Hey there, Story366! As promised, it’s early in the morning on Sunday and I’m blogging at you from a Hilton Garden Inn in downtown Kansas City. Yesterday, I noted that since we had a big day planned for Saturday, I needed to get my post done; with the fam sleeping away in the darkness, I read David Gates in the bathroom. Tonight, I expected to do the same, then remembered that the hotel lobby is well lit, has wi-fi, and the chairs are ridiculously more comfortable than the toilet seat. So here I sit, dozens of Royals fans coming and going, reading and writing about Lee Smith.
A long time ago, in undergrad, I was friends with this writer from North Carolina who absolutely loved Lee Smith. I didn’t know Lee Smith the writer, or her work, and constantly made jokes about Lee Arthur Smith, longtime Major League closer, who for quite some time, owned baseball’s all-time saves record. He played quite a few years for the Cubs, too, was their closer during my childhood. Baseball’s Lee Smith:
I soon realized it wasn’t exactly smart to make light of a writer like Lee Smith, an author with a dozen books to her credit, when I hadn’t published squat. Plus, it didn’t exactly behoove me to broadcast my dumbitude, not knowing about major American writer with a dozen books to her credit. Plus, my writer friend didn’t know who the hell I was talking about in the giant baseball fireman, so the joke wasn’t funny.
Since that time, I’ve made exactly zero effort in reading anything by Smith, to my shame, as she’s published three story collections in addition to a dozen novels and a few memoirs. While I don’t read a whole lot of novels, it’s rare that someone who is as accomplished at the short story as Smith is would have escaped me for so long. Actually, there’s no contemporary author I can think of who has written and published so much who I haven’t read before. Maybe William H. Gass? He’s probably the only other author, besides Smith, who has her creds whom I hadn’t read before Story366 this year.
But that’s the glory of Story366, one of the reasons I started it, to read all the books and authors and stories that I should have read but hadn’t. And now that I’ve read a few stories by Smith, I know that I’ve been missing out. I picked up Mrs. Darcy and the Blue-Eyed Stranger, Smith’s fairly recent new and selected, and dove into a few of the new stories, avoiding the “selected” ones, as some of the selected date back to early seventies and I haven’t been reading anything that old. Plenty of good new stories, though, including “Fried Chicken,” which I’m covering tonight.
“Fried Chicken” is about Mrs. Polly Pegram, the aging mother of a murderer, which Smith tells us right away, in the first sentence. Mrs. Pegram lives in the same Southern town that she’s always lived in. Small town, though, translates into everyone knowing who she is, what her son has done, making her life in the town extraordinarily difficult. She has no one, her husband dead, her older children long gone, and her murderer son convicted.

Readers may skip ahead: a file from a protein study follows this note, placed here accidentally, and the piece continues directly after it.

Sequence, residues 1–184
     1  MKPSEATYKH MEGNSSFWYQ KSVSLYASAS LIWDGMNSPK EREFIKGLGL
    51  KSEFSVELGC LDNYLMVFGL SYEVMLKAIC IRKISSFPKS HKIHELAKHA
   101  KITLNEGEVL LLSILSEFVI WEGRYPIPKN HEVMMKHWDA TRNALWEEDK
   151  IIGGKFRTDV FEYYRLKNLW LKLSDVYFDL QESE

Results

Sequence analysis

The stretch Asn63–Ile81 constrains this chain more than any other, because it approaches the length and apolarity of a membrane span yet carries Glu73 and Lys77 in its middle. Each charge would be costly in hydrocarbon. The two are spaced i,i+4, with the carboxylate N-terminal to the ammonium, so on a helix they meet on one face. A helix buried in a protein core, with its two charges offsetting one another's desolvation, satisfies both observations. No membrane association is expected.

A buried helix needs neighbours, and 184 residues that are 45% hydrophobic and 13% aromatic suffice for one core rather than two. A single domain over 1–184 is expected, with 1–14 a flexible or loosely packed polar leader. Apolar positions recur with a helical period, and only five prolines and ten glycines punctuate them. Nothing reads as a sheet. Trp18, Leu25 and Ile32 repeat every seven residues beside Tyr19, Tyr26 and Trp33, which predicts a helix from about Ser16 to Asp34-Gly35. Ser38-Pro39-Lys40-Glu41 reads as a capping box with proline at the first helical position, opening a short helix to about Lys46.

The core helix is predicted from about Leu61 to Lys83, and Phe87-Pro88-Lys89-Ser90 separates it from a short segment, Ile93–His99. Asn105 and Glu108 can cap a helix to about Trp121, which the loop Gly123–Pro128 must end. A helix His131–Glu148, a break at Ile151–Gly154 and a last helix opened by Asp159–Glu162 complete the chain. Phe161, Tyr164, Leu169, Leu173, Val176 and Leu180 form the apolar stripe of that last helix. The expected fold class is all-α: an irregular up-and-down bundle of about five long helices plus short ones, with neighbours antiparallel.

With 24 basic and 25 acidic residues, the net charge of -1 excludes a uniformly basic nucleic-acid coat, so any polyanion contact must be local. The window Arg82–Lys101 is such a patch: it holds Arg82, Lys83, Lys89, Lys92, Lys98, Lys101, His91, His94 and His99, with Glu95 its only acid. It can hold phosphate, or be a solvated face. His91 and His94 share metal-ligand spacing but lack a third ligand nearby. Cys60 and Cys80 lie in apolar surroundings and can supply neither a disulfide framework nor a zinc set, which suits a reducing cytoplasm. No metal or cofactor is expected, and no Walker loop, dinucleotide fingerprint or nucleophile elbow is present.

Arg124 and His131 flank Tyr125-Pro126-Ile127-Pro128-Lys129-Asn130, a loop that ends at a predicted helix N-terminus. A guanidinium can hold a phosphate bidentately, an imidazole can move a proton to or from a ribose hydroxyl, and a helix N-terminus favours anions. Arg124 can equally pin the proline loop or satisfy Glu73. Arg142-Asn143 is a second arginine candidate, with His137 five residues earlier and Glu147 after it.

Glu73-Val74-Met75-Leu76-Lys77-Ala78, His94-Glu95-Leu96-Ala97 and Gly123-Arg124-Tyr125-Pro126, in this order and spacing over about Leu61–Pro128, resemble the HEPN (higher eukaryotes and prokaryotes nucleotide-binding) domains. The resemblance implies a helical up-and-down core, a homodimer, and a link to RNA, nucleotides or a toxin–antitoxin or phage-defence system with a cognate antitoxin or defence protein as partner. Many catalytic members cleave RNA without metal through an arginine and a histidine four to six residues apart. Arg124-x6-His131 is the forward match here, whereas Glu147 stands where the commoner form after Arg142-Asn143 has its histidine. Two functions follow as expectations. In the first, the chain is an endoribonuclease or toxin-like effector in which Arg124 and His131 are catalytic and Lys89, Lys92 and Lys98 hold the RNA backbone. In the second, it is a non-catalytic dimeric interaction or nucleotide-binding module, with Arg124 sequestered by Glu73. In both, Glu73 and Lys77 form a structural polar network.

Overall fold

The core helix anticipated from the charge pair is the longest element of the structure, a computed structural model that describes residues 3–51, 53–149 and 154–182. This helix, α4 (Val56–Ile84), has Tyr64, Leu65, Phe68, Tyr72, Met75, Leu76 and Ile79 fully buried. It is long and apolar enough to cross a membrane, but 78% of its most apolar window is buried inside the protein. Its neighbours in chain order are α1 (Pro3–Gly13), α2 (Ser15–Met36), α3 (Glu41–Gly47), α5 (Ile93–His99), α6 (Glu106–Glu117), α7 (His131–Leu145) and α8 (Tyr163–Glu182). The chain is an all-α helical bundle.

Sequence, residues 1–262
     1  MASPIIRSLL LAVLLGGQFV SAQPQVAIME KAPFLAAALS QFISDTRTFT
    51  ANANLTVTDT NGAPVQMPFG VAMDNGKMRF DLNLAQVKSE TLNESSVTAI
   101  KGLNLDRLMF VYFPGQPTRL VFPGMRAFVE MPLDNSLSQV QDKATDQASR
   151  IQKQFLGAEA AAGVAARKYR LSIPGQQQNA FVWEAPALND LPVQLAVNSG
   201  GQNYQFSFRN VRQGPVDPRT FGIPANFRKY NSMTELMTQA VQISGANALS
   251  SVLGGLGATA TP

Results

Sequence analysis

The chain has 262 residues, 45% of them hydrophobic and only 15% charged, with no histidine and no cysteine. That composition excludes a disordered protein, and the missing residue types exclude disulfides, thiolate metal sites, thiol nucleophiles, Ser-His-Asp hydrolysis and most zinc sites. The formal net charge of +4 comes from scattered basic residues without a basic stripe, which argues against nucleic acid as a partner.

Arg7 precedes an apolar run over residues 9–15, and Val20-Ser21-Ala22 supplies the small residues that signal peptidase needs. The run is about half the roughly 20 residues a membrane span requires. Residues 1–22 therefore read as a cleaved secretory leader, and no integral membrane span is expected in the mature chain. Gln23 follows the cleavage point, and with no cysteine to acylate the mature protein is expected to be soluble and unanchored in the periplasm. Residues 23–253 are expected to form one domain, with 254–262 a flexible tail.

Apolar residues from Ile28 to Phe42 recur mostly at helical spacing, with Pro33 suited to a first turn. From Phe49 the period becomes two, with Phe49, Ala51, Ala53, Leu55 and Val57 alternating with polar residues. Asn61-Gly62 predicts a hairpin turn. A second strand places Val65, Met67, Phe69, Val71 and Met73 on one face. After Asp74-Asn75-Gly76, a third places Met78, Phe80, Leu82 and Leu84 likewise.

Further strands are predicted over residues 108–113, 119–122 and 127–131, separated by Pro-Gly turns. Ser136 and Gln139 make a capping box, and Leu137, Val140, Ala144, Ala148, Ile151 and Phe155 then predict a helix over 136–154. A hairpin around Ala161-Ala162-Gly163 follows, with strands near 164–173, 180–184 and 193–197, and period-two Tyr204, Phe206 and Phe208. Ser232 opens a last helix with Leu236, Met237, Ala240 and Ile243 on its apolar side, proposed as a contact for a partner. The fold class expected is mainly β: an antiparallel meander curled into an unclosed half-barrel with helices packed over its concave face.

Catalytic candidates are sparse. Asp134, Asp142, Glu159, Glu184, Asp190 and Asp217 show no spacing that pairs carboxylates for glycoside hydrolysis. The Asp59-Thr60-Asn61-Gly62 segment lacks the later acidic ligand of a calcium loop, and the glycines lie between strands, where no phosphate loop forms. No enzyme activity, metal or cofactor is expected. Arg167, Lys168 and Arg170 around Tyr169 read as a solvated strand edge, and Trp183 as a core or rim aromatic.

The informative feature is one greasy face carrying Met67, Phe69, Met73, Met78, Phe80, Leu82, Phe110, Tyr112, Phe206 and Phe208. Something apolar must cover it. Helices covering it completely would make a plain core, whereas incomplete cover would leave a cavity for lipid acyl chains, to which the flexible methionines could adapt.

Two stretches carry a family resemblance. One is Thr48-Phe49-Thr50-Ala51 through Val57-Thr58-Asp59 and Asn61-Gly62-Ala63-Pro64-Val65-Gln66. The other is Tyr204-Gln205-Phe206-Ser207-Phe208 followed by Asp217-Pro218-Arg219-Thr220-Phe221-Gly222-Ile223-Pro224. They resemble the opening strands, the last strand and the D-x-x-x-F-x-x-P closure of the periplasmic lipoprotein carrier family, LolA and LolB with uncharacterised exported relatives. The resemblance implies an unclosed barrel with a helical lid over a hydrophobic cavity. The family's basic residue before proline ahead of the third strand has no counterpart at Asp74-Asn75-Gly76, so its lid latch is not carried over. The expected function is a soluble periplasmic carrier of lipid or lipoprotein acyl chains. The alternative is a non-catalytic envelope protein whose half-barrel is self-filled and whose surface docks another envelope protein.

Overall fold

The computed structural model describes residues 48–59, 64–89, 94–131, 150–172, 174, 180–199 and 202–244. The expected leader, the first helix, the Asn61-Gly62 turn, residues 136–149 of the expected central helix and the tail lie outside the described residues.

What Mrs. Pegram does have is routine. Despite everything that’s happened, she lives her life as normal, paying no heed to the whispers that follow her around town as she walks to and fro—her son, Leonard, the murderer, used to drive her everywhere, so she never learned. She still goes to the same grocery store, still attends church, still lives in the same house. On top of that, she still makes fried chicken every Sunday, just like she did for Leonard before he went to jail. The plot of the frontstory is Mrs. Pegram shopping for supplies and then making her signature fried chicken.
How Smith structures the story is a balance between this fried chicken mission and Mrs. Pegram’s backstory. We learn about Mr. Pegram, her other children, and what she’s done for a living—she was a full-time housekeeper for a wealthy family who fired her as soon as her son was convicted of murder. We discover that Mrs. Pegram has had a pretty rough, pretty sad life, and even more sad is the fact that Leonard had and has been the absolute joy of her life. With him in prison for murder, there’s not a whole lot left of her.
The back and forth structure that Smith employs is so effective because she paces everything so well, revealing the right details at the right time, building Mrs. Pegram’s character, her family’s character, her sad existence as she trudges onwward. We find out every pertinent detail about her life, while at the same, we find out nothing about Leonard’s crime. This is the right choice, I think, as that’s not what the story is about. It’s about that fried chicken that she has to make, along with what’s gotten her to this point, her whole life. It’s a fascinating character study, to see what a tragedy like this—your beloved little boy growing up and doing something so horrible—does to a happy, normal woman, how’s she’s left alone, in his wake.
Now that I’ve read Lee Smith’s stories, I now can say that I’ve read Lee Smith’s stories. Plus, I can say that I’ve enjoyed her stories. I can recommend her work now, too, and that’s what I’ll do with Mrs. Darcy and the Blue-Eyed Stranger, a fine intro into a fine writer’s work.